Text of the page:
BEYOND THE NUMBERS
Some state lawmakers have accelerated their push for tax cuts since Congress passed the American Rescue Plan two weeks ago, ironically showing why the new law’s provision that states lose a dollar of the new federal aid for every dollar they spend on new net tax cuts is necessary for a just recovery.
The Rescue Plan includes $350 billion in fiscal aid to state, local, tribal, and territorial governments, to support much-needed assistance to hard-hit families and communities and offset the pandemic’s impact on government revenues. But some governors and lawmakers are capitalizing on the new funding to propose tax cuts that would mostly benefit wealthier individuals and profitable corporations that don’t need help, which won’t speed an economic recovery.
Iowa’s Senate, for example, passed a bill to cut taxes over the next three years, with large benefits for profitable corporations, wealthy heirs, and high-income earners. Idaho’s legislature is considering a tax cut that would be worth 40 to 100 times as much for the wealthiest households as for middle- and lower-income households, on average. Oklahoma’s House passed bills to eliminate the corporate income tax over five years and cut personal income taxes. And West Virginia and Mississippi are considering eliminating their income taxes, which provide 40 percent and 31 percent of those states’ general fund revenues, respectively.
Some lawmakers are beginning to recognize that their state could face a double-whammy from cutting taxes: it would lose tax revenue directly and could also lose new federal funds needed to help the millions of people and businesses still struggling, cover other costs, and make up for lost revenues. That’s because the Rescue Plan includes a common-sense provision saying that if states cut taxes, they’ll have to repay the federal government dollar for dollar — as they would for any other unauthorized use of the money.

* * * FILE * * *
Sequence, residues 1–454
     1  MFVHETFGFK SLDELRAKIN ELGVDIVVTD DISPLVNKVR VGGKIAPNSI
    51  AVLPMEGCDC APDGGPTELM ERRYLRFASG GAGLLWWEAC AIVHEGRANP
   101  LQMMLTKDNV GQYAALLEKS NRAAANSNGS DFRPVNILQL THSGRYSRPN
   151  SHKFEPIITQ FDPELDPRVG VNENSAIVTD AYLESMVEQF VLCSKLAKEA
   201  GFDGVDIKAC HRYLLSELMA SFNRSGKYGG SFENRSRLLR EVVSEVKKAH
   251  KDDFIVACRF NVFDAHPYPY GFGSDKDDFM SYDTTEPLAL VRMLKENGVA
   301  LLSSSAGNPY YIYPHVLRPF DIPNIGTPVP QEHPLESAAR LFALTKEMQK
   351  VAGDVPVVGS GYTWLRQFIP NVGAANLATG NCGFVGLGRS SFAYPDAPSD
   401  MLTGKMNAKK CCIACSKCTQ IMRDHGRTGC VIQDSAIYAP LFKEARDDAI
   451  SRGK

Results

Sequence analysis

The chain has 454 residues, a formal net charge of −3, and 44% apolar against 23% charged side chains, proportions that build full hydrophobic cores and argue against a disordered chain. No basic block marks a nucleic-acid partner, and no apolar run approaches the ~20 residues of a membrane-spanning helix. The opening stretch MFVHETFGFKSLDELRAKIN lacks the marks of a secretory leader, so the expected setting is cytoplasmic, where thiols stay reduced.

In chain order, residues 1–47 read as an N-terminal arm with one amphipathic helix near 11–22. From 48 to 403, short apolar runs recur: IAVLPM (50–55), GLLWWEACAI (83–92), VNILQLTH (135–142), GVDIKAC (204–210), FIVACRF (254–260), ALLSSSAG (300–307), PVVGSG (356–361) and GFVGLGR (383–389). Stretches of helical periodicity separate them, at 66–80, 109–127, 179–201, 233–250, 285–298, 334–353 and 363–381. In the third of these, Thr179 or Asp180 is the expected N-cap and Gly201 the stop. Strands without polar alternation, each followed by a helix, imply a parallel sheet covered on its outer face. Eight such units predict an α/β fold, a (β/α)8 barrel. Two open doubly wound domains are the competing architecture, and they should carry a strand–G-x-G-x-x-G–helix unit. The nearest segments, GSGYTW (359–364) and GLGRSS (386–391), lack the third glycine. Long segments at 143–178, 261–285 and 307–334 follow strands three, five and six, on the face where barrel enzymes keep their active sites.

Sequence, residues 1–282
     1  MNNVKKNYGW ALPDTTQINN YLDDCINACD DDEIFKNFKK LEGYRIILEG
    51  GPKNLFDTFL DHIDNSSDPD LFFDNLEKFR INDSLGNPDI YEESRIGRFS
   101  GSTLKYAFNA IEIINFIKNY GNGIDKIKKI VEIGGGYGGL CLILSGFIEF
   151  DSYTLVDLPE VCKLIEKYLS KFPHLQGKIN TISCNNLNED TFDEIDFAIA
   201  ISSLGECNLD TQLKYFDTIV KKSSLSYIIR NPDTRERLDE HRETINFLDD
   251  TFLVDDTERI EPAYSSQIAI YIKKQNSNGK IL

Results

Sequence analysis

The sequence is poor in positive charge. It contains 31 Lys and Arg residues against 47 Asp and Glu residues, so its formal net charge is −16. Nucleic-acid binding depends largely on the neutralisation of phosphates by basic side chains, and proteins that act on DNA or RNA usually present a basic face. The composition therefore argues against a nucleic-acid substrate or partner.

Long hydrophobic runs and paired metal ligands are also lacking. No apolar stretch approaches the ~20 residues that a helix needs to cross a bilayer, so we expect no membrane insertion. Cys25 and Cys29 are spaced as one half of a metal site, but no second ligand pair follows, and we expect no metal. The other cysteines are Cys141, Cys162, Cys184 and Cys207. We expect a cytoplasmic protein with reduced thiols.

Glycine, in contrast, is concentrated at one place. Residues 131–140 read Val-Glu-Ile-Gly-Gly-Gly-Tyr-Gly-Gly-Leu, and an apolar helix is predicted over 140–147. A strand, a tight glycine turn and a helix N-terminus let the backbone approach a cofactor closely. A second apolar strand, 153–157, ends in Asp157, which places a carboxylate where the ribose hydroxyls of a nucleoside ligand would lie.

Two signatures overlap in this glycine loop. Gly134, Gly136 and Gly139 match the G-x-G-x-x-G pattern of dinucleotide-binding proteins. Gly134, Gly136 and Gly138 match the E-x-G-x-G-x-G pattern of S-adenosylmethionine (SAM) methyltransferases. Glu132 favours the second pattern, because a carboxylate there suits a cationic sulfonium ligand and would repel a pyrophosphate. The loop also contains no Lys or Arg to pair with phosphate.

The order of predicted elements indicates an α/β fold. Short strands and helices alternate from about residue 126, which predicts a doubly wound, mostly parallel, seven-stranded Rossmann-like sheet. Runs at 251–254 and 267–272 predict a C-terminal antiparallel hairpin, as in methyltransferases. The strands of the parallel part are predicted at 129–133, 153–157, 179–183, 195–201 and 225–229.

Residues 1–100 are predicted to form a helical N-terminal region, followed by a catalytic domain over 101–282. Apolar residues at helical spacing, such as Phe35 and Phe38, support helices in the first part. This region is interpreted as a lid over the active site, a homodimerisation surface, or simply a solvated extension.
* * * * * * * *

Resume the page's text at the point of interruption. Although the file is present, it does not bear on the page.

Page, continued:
The Rescue Plan doesn’t stop states from cutting taxes; it just says they can’t use federal dollars to do that, either directly or indirectly. States can use the new funds to pay for the full range of state services like education, health care, and transportation, as well as to cover pandemic-induced costs. What they can’t do is expect the federal government to fill the budget gap they’d create by weakening their revenue system through tax cuts.
While a group of 21 Republican state attorneys general wrote Treasury Secretary Janet Yellen complaining that the provision is “unprecedented and unconstitutional,” their legal arguments are “beyond flimsy,” concludes Georgetown Law Center Professor David Super:
This kind of restriction might seem like common sense to some people: Just as Congress does not allow states to spend federal Medicaid dollars building marinas in the districts of powerful state legislators, so it is insisting that this aid money be used for its intended purpose: to help people. . . . Nothing in the Constitution entitles the states to transfers of federal funds. . . . And when Congress does grant aid, nothing in the Constitution prohibits legislators from imposing significant conditions on its use.
Secretary Yellen also pointed out that only net tax cuts run afoul of the rule. So, a state could cut taxes for low-income families and raise them for wealthy ones, with no loss of net tax revenue — and no loss of federal aid. Tax changes like this would also advance equity and help low-income families.
Even without the loss of federal aid, recessions are a terrible time for state tax cuts. Typically, the biggest benefits go to people and corporations that don’t need them, which is an especially bad idea at a time when many working families — particularly those in communities of color — face serious hardship. Worse, every dollar in state tax cuts is a dollar not available for the public services these families rely on, like health care, emergency assistance, and public education, which can be in even greater demand during a downturn.
Cutting state taxes now would repeat a mistake many states made in the wake of the Great Recession: by cutting taxes, they harmed families, undermined economic growth, and exacerbated economic inequality and racial injustice. Instead, states should address critical health and economic needs by targeting the new federal aid to those who need it most and by making their own investments to help build antiracist, equitable states.
The Treasury Department will issue guidance in coming weeks on how the Rescue Plan provision will operate, partly to ensure that states and localities can’t find loopholes in it. In the meantime, state lawmakers should think twice before pursuing tax cuts.